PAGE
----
July 15-21 is
National School Youth Sports Week. The
National Council of Youth Sports (NCYS) and the
Congressional Caucus on Youth Sports designated this awareness week to showcase how youth sports organizations
and members of Congress can collaborate to promote healthy lifestyles
for children and their families through participation in sports.
Frederick Regional Health System (FRHS) is delighted to join the celebration and encourage all parents
and caregivers, Frederick County Public Schools, and local organizations
to help young people get involved!
The Benefits of Youth Sports
Regular physical activity in childhood and adolescence is important for
lifelong health and well-being and preventing serious health conditions. The
Centers for Disease Control and Prevention (CDC) recommends that children and adolescents ages 6 to 17 should have
at least 1 hour or more of physical activity every day. This should include
participation in aerobic exercise, muscle strengthening, and bone strengthening
at least 3 days a week.
That being said, only 21.6 percent of children meet this goal. Regular
physical activity helps children improve their cardiorespiratory fitness,
build strong bones and muscles, control weight, reduce symptoms of anxiety
and depression, and reduce the risk of developing serious health conditions
now and later in life. These conditions include:
- Heart disease
- High blood pressure and cholesterol
- Type 2 diabetes
When Congress recognized this week in July as National Youth Sports Week,
it was stated that, “Youth sports play an important role as the
conduit through which children learn important life lessons, values, compassion
and good ethics, and it is that relationship between sports skills and
life skills that provides our young athletes with the fundamentals they
need to succeed both on and off the playing field.”
Physically active students tend to have better grades, school attendance,
memory and concentration, and classroom behavior. Regular physical activity
through sports promotes positive mental health, improves sleep, boosts
self-esteem, and teaches children about teamwork and problem-solving skills.
The school day is traditionally a sedentary setting away from home, so
adding physical activity during the day is a great way to get kids up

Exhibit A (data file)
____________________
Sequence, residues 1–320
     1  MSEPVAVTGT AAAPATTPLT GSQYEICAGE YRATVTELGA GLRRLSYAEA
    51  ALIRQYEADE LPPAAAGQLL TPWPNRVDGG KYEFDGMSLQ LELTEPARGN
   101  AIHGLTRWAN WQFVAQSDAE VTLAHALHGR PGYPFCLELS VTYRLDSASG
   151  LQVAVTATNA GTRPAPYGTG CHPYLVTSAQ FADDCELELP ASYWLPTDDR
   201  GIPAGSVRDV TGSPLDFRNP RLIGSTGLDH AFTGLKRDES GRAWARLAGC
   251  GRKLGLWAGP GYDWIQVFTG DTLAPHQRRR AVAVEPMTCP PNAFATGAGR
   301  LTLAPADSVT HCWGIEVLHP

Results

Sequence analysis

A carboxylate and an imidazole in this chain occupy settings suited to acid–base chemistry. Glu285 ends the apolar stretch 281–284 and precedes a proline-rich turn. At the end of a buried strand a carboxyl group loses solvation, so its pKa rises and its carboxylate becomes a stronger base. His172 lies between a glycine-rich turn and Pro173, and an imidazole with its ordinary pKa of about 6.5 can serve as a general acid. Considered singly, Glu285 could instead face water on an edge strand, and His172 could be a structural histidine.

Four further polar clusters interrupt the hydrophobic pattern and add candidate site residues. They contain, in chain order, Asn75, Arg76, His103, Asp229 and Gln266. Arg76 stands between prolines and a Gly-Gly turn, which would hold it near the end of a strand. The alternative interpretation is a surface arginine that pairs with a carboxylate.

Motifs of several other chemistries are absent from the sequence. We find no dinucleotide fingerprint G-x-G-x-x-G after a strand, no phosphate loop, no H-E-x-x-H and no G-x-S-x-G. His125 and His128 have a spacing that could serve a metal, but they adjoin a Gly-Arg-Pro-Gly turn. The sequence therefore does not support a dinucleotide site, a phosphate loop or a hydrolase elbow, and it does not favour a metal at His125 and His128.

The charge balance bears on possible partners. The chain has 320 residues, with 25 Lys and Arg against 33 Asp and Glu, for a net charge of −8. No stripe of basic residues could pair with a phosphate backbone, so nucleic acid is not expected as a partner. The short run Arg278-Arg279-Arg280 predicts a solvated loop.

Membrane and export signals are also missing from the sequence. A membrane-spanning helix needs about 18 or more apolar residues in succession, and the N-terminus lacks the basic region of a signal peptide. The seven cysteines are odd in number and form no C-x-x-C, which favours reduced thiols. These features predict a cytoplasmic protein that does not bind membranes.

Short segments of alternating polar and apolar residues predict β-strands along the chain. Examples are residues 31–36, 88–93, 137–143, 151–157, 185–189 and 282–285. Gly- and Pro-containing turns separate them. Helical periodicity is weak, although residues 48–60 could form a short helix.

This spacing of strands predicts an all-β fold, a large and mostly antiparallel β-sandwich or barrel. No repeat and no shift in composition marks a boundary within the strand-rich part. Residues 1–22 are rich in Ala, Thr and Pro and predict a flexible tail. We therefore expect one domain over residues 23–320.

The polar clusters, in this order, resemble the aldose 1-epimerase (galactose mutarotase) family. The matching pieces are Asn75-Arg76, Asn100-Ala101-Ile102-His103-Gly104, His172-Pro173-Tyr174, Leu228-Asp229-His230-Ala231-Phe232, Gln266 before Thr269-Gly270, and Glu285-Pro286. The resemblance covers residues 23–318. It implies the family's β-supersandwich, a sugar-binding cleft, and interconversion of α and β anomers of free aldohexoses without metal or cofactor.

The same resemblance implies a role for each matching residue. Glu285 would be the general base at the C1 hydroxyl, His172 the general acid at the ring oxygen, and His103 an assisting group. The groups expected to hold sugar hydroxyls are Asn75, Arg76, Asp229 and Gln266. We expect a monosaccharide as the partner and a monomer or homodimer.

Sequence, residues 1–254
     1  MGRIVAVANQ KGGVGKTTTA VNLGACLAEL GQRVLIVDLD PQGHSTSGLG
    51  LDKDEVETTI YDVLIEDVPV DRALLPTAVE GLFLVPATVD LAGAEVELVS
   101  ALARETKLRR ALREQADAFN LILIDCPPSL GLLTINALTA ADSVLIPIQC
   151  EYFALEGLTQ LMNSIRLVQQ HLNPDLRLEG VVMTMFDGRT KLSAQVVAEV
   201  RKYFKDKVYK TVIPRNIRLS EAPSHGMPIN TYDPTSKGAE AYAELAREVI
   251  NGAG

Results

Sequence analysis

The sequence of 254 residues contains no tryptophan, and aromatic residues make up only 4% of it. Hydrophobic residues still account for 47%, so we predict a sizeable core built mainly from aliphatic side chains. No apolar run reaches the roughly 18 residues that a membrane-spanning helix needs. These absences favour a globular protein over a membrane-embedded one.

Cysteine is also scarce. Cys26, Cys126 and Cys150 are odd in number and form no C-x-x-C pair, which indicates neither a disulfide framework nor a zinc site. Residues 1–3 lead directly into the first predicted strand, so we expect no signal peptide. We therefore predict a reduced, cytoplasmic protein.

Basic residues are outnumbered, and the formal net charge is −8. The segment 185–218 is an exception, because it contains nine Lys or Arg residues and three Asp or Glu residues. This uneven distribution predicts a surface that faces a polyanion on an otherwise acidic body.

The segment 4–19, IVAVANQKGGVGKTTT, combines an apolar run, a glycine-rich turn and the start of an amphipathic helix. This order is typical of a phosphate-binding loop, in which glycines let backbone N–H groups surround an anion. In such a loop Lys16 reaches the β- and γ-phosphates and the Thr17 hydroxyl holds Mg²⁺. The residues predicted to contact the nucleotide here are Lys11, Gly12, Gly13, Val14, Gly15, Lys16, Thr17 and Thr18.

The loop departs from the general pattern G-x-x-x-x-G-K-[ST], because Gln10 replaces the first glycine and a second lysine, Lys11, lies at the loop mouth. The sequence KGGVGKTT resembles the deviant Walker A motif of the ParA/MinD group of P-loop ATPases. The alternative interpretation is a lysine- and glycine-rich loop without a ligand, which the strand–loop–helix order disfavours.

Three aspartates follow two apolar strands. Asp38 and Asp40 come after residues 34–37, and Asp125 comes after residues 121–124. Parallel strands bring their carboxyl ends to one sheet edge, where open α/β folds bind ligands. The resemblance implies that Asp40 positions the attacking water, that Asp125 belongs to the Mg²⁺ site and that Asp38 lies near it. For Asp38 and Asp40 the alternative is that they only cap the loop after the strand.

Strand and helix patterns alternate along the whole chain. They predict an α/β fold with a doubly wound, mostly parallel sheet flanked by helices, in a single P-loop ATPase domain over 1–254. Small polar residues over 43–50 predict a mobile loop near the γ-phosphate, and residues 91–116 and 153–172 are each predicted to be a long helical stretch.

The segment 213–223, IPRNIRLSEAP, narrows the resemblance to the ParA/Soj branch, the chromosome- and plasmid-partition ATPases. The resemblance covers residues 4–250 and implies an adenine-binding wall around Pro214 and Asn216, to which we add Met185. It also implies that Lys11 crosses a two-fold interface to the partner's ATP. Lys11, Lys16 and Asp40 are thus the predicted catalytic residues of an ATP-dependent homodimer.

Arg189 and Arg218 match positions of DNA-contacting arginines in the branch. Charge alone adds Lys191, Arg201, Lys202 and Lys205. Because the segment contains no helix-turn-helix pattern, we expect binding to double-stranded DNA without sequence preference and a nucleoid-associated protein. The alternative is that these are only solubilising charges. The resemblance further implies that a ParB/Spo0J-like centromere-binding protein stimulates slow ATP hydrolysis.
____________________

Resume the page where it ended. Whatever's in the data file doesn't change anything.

and moving while enhancing their academic performance. Schools are well
positioned to provide time for organized and free-time physical activity,
including physical education, recess, breaks during scheduled classes,
intramural sports, and more. This may include walking or running, bicycling,
swimming, jumping rope, active play games, resistance exercises, and organized
team sports such as basketball, track, and more.
Looking for ideas to get your kids active through sports?
Check out this infographic.
10 Tips for Youth Sports Safety
While the health benefits of sports are undeniable, young athletes are
often at risk for sports-related injuries and challenges. In the U.S.,
about 30 million children and teens participate in some form of organized
sport. About one-third of all injuries that occur during these early years
are sports-related, primarily sprains and strains. Most occur on the playground,
on the sports field, or on a bicycle, and most involve contact or collisions.
Lack of education and awareness of safety precautions coupled with potential
injuries, a shortage of adequate equipment, and poor conditioning can
all cause injuries. If your child currently plays sports or is starting
a new one, consider these 10 safety tips first:
1. Get a physical.
Your child’s sports journey shouldn’t start without one. To
make sure your child is physically fit and capable of playing a particular
sport, they should have a sports physical. During the physical, a healthcare
provider will determine physical strengths, weaknesses, and other conditions
that may determine which sports they should or shouldn’t play. It’s
important to also discuss your child’s medical and family history
with your provider. Now is the perfect time to schedule an appointment
before the start of the new school year (and various sports seasons).
2. Stay hydrated.
Sweat lost during sports must be replaced with equal amounts of water
each hour. That means your child should drink plenty of water before,
during, and after each game or practice. Bring a water bottle to all practices
and games. Dehydration may cause stomach cramps, extreme thirst, weakness,
headaches or dizziness, and other unpleasant symptoms. Avoid carbonated
or caffeinated drinks that cause dehydration.
Find more tips on proper hydration here.
3. Get plenty of rest.
lack of sleep can impact your child’s cognitive performance and focus in the classroom, imagine the harm it can cause when you throw in physical
activity and some sports equipment. Your child should get plenty of sleep
at night and appropriate rest during games and practices. They should
also take time off when moving from one sport to the next, in an effort